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UC Chile Staff Improve Their Language Skills Through the “English for Life” Program

The initiative, promoted by the Office of the Vice President of International Affairs, the Office of the Vice President of Economic Affairs (through the Office of Human Resources) and English UC, is part of the university's internationalization process and seeks to strengthen the English language skills of those working at the institution. To date, more than 1,200 faculty, professional and administrative staff have taken the English diagnostic test.

A group of 10 people are talking as an activity of the Immersion Experience of English for Life.

photo_camera English for Life aims to develop the English communication skills of faculty, professionals and staff working at UC Chile. (Photo: Immersion Experience/English for Life)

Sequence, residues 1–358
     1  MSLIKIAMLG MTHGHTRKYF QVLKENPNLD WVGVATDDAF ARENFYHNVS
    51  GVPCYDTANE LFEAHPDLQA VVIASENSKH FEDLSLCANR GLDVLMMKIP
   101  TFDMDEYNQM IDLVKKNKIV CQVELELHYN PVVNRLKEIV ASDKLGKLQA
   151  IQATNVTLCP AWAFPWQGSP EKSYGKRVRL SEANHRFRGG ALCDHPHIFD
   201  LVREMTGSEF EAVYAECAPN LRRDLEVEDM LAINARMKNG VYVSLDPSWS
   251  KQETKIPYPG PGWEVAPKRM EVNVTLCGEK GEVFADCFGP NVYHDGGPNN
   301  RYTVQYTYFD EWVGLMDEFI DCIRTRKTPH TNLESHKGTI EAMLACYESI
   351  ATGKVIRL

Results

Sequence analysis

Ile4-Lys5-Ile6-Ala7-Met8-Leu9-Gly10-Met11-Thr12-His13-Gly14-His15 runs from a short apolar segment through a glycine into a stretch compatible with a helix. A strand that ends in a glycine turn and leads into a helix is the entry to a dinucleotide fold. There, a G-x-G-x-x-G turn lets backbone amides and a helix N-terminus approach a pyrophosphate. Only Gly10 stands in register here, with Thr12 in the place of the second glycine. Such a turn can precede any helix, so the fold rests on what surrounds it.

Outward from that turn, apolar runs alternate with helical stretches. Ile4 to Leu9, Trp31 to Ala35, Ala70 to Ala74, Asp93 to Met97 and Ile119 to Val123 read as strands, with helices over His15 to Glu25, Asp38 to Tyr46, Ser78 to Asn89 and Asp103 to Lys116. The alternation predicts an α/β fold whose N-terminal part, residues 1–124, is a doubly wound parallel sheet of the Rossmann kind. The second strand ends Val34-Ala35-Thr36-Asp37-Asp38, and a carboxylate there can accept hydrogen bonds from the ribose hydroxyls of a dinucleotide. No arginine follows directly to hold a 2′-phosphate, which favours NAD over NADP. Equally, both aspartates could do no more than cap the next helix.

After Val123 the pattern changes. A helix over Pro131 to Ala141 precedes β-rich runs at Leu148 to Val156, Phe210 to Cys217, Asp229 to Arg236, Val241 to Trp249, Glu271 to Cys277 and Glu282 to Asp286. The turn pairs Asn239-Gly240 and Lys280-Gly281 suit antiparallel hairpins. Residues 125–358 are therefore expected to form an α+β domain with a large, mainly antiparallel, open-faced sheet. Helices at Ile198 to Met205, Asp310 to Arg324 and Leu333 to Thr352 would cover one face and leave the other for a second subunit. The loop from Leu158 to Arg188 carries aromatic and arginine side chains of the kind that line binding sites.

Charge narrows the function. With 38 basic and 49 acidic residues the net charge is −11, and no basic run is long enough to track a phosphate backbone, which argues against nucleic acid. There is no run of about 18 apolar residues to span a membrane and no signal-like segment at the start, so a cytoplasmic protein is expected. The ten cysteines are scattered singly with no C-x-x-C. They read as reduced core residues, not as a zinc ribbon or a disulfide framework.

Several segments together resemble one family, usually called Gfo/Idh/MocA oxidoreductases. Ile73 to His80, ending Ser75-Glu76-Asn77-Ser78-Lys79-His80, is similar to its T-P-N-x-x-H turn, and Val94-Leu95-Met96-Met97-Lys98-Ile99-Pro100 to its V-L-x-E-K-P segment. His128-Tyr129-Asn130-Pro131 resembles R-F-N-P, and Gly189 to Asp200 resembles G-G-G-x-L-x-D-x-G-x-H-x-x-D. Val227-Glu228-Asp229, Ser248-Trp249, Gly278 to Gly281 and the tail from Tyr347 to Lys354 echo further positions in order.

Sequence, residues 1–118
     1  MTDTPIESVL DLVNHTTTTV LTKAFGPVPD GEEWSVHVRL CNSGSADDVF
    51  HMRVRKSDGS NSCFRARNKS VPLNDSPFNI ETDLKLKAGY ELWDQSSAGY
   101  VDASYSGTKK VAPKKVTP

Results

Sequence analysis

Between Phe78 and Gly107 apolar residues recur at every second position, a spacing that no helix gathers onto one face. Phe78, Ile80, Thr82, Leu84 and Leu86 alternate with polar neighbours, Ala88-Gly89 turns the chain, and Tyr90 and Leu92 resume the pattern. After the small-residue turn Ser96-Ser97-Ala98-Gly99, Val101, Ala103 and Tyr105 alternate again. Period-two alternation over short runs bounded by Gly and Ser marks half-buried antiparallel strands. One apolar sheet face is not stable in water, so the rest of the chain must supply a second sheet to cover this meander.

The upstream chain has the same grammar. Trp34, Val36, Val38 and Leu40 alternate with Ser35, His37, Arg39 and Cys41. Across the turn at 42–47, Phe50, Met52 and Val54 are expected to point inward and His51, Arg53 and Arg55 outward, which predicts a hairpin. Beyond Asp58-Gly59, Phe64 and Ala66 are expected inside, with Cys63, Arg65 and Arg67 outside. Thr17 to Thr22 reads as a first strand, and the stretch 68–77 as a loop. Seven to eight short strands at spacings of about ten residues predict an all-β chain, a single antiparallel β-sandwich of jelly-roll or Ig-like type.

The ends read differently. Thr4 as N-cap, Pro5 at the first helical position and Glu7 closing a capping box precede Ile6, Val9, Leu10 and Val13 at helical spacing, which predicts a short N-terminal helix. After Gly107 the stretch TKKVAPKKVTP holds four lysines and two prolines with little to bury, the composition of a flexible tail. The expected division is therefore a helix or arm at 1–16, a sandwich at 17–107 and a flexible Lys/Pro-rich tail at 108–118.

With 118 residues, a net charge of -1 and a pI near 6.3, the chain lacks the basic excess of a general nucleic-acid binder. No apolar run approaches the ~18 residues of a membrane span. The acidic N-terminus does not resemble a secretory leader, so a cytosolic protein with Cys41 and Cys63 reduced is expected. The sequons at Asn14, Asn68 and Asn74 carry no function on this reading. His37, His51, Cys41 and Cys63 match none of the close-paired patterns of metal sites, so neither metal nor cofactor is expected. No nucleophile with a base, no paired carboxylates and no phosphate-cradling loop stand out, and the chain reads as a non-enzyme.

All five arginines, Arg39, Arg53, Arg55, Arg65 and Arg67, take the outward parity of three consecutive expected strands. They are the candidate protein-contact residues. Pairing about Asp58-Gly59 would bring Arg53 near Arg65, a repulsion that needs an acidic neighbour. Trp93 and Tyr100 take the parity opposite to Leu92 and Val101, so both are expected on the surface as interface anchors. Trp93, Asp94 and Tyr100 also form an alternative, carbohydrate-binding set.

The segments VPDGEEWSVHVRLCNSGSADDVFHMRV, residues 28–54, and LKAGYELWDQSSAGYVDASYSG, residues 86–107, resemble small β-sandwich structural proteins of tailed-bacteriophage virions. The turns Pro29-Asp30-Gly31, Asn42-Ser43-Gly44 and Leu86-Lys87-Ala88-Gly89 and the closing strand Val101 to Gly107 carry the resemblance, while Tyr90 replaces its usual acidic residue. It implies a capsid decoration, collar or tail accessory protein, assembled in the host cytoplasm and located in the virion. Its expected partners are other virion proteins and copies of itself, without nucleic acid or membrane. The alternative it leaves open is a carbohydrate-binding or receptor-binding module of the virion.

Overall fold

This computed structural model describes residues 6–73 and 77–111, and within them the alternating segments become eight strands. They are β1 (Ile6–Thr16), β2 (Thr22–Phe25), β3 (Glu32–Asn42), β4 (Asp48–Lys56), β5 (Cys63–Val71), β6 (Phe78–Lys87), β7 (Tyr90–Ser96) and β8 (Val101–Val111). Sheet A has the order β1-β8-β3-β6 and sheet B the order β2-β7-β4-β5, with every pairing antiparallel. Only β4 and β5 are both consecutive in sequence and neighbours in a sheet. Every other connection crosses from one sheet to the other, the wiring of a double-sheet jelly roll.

Jorge Pisani, who works at the Faculty of Engineering, learned to speak English while he was in high school, but he realized as time went by that he had lost practice and found it increasingly difficult to speak English. For this reason, he decided to apply to the “English for Life” program, an initiative jointly promoted by the Office of Human Resources, the Office of the Vice President of International Affairs and English UC

The professional had these kind words to say at the end of the course: “Since I work in IT, a lot of the technical information is in English, so participating was very useful and also helped me with my fluency.”